Dubai: Airlines from the UAE and Qatar have seen a “significant” impact on their passenger traffic numbers from the closing of India's aviation market, says Willie Walsh, Director-General of IATA.
“The traffic flows from India and the Subcontinent over the Middle East and into Europe and beyond had been one of the great successes for carriers in the region,” said Walsh. “It's understandable that some restrictions have been put in place, but again, evidence shows that the situation is coming under control.
"But there's still some distance to go. It was probably one of the factors that influenced the British government to put Qatar and UAE on their 'red list'.”
Walsh said that authorities in UK were concerned about the ‘Delta’ variant of the COVID-19 virus, first identified in India. “These issues really do need to be addressed on a scientific basis. The scientific evidence that we have shows that all the vaccines are effective against these variants.”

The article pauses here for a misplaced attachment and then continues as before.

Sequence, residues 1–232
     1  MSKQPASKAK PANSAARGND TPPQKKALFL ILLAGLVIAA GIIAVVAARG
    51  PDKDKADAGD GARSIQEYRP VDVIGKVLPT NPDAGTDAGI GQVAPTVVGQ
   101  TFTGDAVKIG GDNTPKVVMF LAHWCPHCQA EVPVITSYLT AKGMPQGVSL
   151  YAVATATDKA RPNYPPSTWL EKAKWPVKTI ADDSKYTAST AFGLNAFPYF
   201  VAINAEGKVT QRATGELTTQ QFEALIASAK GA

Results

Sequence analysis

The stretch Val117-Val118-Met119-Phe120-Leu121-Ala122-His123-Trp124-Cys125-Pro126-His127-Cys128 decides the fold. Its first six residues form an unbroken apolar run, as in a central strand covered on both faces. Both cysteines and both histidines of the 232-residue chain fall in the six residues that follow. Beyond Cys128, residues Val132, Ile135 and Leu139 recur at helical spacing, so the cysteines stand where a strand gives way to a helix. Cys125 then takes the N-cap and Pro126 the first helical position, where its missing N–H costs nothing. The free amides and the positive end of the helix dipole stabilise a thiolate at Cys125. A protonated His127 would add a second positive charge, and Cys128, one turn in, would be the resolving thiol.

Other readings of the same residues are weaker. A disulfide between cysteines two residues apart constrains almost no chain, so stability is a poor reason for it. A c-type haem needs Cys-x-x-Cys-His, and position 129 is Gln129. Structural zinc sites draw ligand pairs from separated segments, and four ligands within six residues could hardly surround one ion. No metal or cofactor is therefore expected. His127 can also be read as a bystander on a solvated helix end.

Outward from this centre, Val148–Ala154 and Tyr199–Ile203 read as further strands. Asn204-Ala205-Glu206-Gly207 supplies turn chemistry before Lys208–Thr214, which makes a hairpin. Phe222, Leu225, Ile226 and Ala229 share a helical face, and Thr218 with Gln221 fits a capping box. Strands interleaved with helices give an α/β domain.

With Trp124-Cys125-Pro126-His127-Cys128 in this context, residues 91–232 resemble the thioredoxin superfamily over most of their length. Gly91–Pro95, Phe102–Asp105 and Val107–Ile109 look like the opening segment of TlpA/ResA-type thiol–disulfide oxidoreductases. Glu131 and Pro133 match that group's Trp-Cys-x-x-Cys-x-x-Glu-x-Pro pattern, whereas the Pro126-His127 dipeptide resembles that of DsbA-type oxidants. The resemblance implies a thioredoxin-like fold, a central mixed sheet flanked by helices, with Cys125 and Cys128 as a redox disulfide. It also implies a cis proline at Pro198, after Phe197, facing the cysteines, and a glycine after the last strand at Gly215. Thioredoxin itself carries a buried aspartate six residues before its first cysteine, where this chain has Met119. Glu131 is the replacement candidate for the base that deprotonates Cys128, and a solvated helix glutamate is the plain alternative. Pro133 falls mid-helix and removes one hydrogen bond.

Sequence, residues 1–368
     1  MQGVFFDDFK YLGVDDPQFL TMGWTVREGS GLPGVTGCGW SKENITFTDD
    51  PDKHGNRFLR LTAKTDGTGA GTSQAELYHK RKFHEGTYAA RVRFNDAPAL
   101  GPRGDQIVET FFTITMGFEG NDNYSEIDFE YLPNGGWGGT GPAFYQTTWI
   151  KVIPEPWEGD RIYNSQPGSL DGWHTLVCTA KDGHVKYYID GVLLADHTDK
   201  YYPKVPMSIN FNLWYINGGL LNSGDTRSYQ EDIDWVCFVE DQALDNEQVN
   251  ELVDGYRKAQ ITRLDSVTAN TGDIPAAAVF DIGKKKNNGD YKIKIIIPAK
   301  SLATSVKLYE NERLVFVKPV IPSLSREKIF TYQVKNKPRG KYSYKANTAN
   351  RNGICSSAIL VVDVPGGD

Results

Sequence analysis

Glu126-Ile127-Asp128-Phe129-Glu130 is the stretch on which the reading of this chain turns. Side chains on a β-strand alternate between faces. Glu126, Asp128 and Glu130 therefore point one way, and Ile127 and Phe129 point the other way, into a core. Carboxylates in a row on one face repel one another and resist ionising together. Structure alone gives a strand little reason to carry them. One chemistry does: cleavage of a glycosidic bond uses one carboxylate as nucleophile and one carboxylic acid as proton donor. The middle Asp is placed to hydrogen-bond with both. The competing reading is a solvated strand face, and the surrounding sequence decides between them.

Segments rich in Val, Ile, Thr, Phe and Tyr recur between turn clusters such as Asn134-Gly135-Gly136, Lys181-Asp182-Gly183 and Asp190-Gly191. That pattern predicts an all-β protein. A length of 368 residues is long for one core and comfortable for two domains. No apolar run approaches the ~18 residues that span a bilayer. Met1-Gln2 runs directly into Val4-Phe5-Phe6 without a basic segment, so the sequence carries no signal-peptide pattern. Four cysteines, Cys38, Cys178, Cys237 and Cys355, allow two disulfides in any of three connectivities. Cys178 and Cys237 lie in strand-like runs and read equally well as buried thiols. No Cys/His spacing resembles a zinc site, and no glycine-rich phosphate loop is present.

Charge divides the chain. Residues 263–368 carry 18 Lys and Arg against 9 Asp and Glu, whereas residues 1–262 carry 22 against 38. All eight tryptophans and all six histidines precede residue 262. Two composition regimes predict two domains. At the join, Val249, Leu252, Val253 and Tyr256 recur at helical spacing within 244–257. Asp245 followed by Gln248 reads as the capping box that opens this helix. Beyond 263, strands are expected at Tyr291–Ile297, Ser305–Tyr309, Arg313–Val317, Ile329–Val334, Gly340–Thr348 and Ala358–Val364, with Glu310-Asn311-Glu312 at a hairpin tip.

Flights from India to UAE are suspended until July 6, as per the latest update from an Indian airline. UAE airlines are yet to announce any further extension to the suspension of flights.
Rising market share
In 2020, the share of Middle East airlines in international traffic rose to 15 per cent. This was largely due to Emirates airline and Qatar Airways operating a lot of their routes. Qatar Airways, in particular, continued to operate “significant networks” during the pandemic and facilitated a lot of international connectivity, where other airlines were either unable to operate or stopped operating for financial reason, said Walsh.
“We're seeing markets opening - several countries have now formally stated that they will allow people who are fully vaccinated to travel without restriction,” said Walsh. “That's a very positive development.”
The UAE has signed travel corridor agreements with European countries like Spain and Italy to facilitate quarantine-free travel for passengers flying on those routes. “We recognize that in addition to restrictions being removed for vaccinated customers," he added. "We need to see a sensible testing regime in place, but what is killing demand is where countries introduce quarantine requirements or significant cost associated with testing.”